Last week another ‘big cat’ sighting was reported in Cornwall. A Labrador was attacked by a ‘panther like’ creature, with suspicious footprints also found in the mud.
We will be examining the possibility of big cats roaming the British countryside. Whilst this is often laughed out of contention, there is a body of evidence that’s fascinating if nothing else.
Over the last decade Police Forces across the UK logged over five hundred Big Cat sightings.
The South West has been a hotspot for sightings since the nineties but since then there has been an increase in sightings in Norfolk, Suffolk and the Forest of Dean.
Around ten years ago on a dark Autumn evening my friends and I, fuelled by cider and with a designated driver, decided to find the man who is arguably behind the legend of the ‘Beast of Bodmin’.
I’d been obsessed with big cats for years; in my job at the time, my boss had even allowed me to convert a pillar next to my desk into a kind of detective board for sightings of “the beast”. She found it hilarious, but I wasn’t joking.
The man behind the legend was John Goodenough, a third generation sheep farmer and go-to guy for various Big Cat documentaries. He was the most Cornish man I had ever seen. We were never likely to find him but on this cold night we went from door to door in the dark and the rain on Bodmin Moor. Eventually one person answered, “What you want with John then?”
“I’m here to talk about the beast,” I replied. “Oh, well you best come in then.” We sat in his dimly lit kitchen and talked tales of the beast for hours. John was very elderly, speaking only occasionally, his son did much of the storytelling.
Sheep found mutilated in trees, pelts of animals that had been licked clean and howling roars heard across Bodmin Moor. The night became the stuff of legend for my friends and I, a night that further fuelled my fascination for the subject.
During a long, wide ranging conversation, John said one thing that got all of our attention. He blamed a famous musician for the wild cats, for legal reasons the musician must remain anonymous. As it transpired John had it on “good information” that the musician released “exotic pets” on land the owned by the musician somewhere nearby.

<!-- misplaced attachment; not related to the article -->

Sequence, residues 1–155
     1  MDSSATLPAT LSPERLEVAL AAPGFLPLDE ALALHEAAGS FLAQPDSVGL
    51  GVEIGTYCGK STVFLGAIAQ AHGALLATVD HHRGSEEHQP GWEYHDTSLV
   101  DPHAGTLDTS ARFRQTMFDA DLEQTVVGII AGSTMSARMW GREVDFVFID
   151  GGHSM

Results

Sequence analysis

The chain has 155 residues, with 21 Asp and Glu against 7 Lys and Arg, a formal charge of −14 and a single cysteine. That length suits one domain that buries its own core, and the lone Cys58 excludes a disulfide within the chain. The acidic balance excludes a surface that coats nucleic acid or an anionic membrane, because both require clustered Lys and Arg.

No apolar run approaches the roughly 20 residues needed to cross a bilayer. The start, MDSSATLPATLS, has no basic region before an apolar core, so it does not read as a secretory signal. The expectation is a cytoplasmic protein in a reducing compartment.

I first heard this over a decade ago, but it wouldn’t be the last time I’d hear this claim. I’ve no idea if John is still alive, I like to think I would have another conversation with him at some point, but there’s no shortage of enthusiasts keeping the legend alive.
Danny Bamping is the head of the British Big Cat society based in Plymouth. I put the rumour of the famous musician to him. “Its funny you should say that. I heard the exact same thing about 15 years ago.”
Danny was working with a scientist on a research project to track wild boar in West Sussex when he heard the very same claim. It is rumoured, by both John Goodenough and Danny, that the celebrity had released exotic pets that they owned onto two separate sites of land, one in the South East and the other being somewhere in Devon or Cornwall.
It’s well documented that in 1976, the Dangerous Animals Act was brought into force. Whether it was cats kept as pets, or circus animals, they would require a licence from there on in. There are numerous accounts of people who claim to have let animals loose, or at least witnessed big cats being released.
What isn’t so well known is that the The Wildlife and Countryside Act, banning the introduction of non-native species, didn’t come into force until 1981. This means that there was a five-year window where releasing any manner of beast was perfectly legal.
But who would be reckless enough to set a big cat loose in England? “When Plymouth Zoo closed down the cats were taken to Dartmoor Zoo; its actually proven that they went via
Tavistock. Why would they go via Tavistock which is wrong direction?”
Dan believes this is evidence that not all of the cats reached their destination. But as it happens this incident is well documented.
The incident Danny is referring to is that of famous circus owner who let her “favoured breeding pair” loose on to The Moor. Their owners, Mary Chipperfield of the famous circus family, is thought to have released her favourite breeding pair into the wild rather than surrender them to another zoo. Ben Mee, the current owner of Dartmoor Zoo, said it was expecting a delivery of five pumas after Plymouth Zoo was forced to close down in 1978, but they only received three.
At the time that Ben Mee took over Dartmoor Zoo he said that he was informed of a pack of pumas that had allegedly been released into the wild in the late 1970s or early 1980s. “There were lots of rumours and many different stories about how they got out, some say they were released from the old zoo either by mistake or on purpose – we just don’t know.”
For Danny though, the question of big cats is a matter of fact. He guides me through photos on his website, one in particular of a dead Lynx like cat catches my eye. “That was caught in Scotland and no cats had escaped from any zoos either, there’s absolute proof.”
But just how do you tell a big cat and a domestic cat apart, especially when seen in fields with no nearby objects to get a sense of scale? “It’s all in the hedgerow,” Danny assures me. A representative for the famous musician denied the
allegations put to him by The Moorlander.
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